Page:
State ID: 18CH511
Vessel Type: Merchant vessel (steamship)
Location: 38°28'28.16"N, 77°16'8.16"W (38.47448, -77.26893) (Duke University, 2016)
Length: 281 feet 10 inches
Breadth: 45 feet 2 inches
Deadweight Tonnage: 3,500
Builder: Jahncke Shipbuilding Corporation, Madisonville, Louisiana
Owner: Titled to the State of Maryland under the Abandoned Shipwreck Act
Flora & Fauna: Vegetation grows principally in the stern and at the forepeak
Significance: United States Shipping Board vessel built for World War I effort
The remains of Bayou Teche lie on its keel, partially submerged, and oriented east to west, with the bow facing the shoreline, with the port side running parallel with the spit. Surveys of the remains recorded the length to be approximately over 268 feet, and approximately 44 feet at beam (width). The stern post and rudder post are both intact. There is the presence of the engine platform, located just aft amidships. There is evidence of ferrous cross strapping and fastenings. Three bulkheads have been identified along with the stem. One of the more intact vessels, such as Aowa, that remain in Mallows Bay, Maryland.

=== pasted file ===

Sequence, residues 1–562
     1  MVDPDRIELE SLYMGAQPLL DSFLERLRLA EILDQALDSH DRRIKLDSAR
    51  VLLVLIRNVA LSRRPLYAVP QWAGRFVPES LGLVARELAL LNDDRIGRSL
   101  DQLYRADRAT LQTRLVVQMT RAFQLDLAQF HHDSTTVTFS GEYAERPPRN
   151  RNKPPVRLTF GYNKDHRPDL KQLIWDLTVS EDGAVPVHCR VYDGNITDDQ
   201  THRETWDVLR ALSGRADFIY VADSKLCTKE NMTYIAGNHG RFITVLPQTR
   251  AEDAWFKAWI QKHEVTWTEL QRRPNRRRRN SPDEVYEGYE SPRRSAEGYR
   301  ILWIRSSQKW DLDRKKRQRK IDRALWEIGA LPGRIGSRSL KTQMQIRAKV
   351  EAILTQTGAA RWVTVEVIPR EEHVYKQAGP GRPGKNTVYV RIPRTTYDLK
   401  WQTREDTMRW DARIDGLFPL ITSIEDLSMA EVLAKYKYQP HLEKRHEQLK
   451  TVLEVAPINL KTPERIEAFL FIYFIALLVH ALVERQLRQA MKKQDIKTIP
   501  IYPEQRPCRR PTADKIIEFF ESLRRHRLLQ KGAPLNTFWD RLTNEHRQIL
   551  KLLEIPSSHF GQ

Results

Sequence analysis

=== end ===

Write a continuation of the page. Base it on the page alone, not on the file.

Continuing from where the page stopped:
Bayou Teche was built in 1918, by the Jahneck Shipbuilding Corporation at the Jahncke Shipyard along the Tchefuncta River in Madisonville, Louisiana. It was a Ferris-type wooden hulled cargo steamship built for the United States Shipping Board (USSB) as part of the large war effort of World War I. The Jahncke Shipyard employed close to 2,200 workers and went on to build six wooden cargo vessels, like Bayou Teche, for the USSB. Madisonville, Louisiana, continued to be a center for shipbuilding after World War I and into the post-World War II era, but the influx of activity due to the USSB contracts was never quite seen again.
Bayou Teche was among the 95 USSB steamships in the celebrated "Tidal Wave," of national ships launching on July 4, 1918. On this date, close to 100 vessels launched from shipyards all across the United States, marking the greatest ship-launching day in history. Following its launching, Bayou Teche made voyages to Havana, Cuba; Galveston, Texas; and Bordeaux, France. But with the end of the war and a reduction of need for cargo vessels for military and commercial use, Bayou Teche, along with many of the USSB wooden cargo vessels, went out of service. On July 10, 1920, Bayou Teche along with 14 other USSB vessels, including Afrania, were ordered out of service and to be tied up to docks near Norfolk, Virginia. Ultimately, Bayou Teche was transferred to Mallows Bay, Maryland, for salvage and the hull has been in its present location since at least 1929.